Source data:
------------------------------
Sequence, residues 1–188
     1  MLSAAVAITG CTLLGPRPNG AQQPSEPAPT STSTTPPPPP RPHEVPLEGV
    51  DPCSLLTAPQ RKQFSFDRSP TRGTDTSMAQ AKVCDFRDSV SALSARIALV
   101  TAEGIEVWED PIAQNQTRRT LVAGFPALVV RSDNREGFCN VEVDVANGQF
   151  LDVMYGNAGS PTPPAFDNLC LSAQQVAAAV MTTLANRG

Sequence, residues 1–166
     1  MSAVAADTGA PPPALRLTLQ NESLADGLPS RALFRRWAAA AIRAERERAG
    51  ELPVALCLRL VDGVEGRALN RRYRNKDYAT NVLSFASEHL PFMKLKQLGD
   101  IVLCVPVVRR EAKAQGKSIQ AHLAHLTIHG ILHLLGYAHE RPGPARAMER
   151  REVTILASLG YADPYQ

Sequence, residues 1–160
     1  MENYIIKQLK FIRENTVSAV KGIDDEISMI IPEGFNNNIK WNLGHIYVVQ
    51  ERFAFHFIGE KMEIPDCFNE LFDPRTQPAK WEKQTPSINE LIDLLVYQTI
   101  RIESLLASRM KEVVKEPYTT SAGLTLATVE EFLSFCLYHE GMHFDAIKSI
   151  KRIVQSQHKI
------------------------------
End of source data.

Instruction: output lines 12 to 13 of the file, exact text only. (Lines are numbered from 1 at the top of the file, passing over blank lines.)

     1  MENYIIKQLK FIRENTVSAV KGIDDEISMI IPEGFNNNIK WNLGHIYVVQ
    51  ERFAFHFIGE KMEIPDCFNE LFDPRTQPAK WEKQTPSINE LIDLLVYQTI